Unfortunately, an unintended backlash of our media campaign to combat childhood obesity is that more young girls than ever have become highly body-conscious at very young ages. They believe they are fat, are bullied and told directly that they are fat, and sometimes diet excessively and develop eating disorders — often when they are not medically overweight.
What constitutes “fat” these days is everything from medically obese to almost-but-not-quite skeletal. That’s a zone where most girls fall.
How can moms help their daughters feel good about their bodies, especially at this time of year when we are all bombarded with diet and weight loss ads? For starters, take the emphasis off the bathroom scale and place it on healthy lifestyle choices, such as eating nutritious foods, encouraging outdoor play, limiting sedentary computer and video game time, encouraging participation in sports, and finding active things to do together as a family.
Reduce the amount of messages coming into your home that are inclined to focus girls on body image — this means replace the fashion and celebrity gossip magazines on the coffee table with better options, swap out reality shows about dieting for better programming, and stop criticizing your own body and weight in front of your daughter.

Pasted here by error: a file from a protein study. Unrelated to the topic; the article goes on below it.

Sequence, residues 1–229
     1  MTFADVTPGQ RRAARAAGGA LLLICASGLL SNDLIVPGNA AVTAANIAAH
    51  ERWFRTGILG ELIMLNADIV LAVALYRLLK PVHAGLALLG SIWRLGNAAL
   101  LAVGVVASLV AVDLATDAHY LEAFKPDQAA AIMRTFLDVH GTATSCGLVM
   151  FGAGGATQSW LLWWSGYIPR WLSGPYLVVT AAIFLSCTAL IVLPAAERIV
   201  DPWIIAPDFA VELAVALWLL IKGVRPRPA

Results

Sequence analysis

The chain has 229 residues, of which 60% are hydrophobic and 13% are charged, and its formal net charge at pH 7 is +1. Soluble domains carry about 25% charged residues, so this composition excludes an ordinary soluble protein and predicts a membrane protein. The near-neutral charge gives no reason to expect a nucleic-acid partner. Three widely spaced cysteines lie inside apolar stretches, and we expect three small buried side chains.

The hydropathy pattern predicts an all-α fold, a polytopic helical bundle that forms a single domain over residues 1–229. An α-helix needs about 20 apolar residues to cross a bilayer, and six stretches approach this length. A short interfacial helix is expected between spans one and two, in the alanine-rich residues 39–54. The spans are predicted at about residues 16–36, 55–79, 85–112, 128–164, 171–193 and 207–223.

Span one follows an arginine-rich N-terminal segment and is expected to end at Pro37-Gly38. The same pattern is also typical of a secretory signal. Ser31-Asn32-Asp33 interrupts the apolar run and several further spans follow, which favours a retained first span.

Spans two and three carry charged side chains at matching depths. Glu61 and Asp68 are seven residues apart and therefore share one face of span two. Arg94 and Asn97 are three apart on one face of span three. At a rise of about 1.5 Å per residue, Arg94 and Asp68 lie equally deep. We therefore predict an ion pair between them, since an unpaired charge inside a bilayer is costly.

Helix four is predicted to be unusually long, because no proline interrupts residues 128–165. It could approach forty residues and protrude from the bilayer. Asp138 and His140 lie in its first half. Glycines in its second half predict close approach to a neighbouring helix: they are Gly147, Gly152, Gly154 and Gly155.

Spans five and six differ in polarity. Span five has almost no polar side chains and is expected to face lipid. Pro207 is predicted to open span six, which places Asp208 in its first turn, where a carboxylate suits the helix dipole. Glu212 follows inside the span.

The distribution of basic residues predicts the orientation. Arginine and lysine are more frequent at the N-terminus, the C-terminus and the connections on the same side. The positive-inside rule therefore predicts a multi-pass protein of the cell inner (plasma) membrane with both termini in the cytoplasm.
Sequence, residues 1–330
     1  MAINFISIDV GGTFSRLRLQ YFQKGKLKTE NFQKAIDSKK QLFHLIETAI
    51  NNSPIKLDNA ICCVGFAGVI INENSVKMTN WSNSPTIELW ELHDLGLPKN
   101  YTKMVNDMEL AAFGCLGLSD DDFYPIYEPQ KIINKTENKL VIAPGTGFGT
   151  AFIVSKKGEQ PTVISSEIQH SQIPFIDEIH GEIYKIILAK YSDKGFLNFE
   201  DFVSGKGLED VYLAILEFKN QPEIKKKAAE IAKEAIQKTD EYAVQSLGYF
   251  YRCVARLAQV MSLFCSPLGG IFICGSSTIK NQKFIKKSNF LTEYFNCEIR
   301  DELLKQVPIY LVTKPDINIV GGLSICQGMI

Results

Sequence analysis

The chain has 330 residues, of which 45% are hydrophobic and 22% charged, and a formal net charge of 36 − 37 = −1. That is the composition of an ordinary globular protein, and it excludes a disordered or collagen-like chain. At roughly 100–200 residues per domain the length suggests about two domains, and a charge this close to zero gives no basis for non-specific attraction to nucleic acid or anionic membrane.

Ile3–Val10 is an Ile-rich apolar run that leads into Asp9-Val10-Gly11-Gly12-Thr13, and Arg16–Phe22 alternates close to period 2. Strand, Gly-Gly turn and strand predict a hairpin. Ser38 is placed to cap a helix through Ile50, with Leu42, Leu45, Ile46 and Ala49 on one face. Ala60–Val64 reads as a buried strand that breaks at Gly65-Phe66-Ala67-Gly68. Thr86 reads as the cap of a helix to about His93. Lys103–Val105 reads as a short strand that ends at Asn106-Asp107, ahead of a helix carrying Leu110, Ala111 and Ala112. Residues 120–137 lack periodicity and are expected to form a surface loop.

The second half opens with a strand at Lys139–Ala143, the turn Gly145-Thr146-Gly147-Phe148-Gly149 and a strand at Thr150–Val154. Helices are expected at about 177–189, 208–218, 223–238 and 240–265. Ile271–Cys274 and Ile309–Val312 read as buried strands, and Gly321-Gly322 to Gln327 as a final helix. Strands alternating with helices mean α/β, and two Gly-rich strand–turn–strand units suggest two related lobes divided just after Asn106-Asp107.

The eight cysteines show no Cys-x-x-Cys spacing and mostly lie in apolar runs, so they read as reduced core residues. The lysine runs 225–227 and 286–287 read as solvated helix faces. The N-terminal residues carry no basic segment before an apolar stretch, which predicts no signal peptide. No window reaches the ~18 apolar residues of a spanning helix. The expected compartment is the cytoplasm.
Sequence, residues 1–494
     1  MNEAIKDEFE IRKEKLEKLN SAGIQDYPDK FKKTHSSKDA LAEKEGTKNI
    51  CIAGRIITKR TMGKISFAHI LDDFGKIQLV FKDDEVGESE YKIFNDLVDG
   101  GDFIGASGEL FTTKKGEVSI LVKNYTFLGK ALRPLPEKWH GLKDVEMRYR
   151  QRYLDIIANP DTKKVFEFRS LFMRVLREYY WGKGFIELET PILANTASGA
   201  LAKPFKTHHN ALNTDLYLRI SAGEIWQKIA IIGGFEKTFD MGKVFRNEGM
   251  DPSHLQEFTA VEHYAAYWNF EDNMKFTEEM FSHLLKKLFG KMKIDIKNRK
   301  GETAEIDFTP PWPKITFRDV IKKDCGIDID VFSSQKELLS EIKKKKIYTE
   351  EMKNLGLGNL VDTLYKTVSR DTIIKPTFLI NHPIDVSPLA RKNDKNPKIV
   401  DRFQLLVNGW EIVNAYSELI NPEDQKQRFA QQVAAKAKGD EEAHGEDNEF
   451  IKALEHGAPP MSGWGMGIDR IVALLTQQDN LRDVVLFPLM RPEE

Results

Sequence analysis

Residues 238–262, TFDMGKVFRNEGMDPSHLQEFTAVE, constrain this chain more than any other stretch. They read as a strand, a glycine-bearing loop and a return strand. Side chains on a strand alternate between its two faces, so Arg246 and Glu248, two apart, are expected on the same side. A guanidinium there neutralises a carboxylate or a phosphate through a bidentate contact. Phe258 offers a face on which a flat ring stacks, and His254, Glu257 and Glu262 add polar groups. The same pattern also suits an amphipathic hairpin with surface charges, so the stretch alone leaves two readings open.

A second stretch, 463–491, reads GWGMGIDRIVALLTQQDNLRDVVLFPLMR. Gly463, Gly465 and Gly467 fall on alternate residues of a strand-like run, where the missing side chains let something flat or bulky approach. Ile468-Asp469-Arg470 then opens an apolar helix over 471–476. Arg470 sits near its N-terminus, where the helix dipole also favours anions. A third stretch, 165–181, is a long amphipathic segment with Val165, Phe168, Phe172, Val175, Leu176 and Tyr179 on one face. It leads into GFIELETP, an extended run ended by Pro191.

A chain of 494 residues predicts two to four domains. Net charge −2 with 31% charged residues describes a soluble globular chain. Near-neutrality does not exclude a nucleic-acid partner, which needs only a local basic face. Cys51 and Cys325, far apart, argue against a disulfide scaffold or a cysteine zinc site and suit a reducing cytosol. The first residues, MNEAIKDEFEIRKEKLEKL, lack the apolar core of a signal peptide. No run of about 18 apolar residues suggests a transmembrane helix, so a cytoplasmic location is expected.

Instead, talk about what is good about your body (it is strong, it brought your child into the world, etc.). You can still exercise and eat less caloric foods, but just don’t make it a discussion topic around the house.
As a family, shift the focus from weight to health, from inactivity to activity and from everyone’s outsides to their insides — there will be much more to feel good about!
Lori Day is an educational psychologist, consultant and parenting coach with Lori Day Consulting in Newburyport. Her first book, titled “Her Next Chapter: How Mother-Daughter Book Clubs Can Help Girls Navigate Malicious Media, Risky Relationships, Girl Gossip, and So Much More,” will be published in May 2014.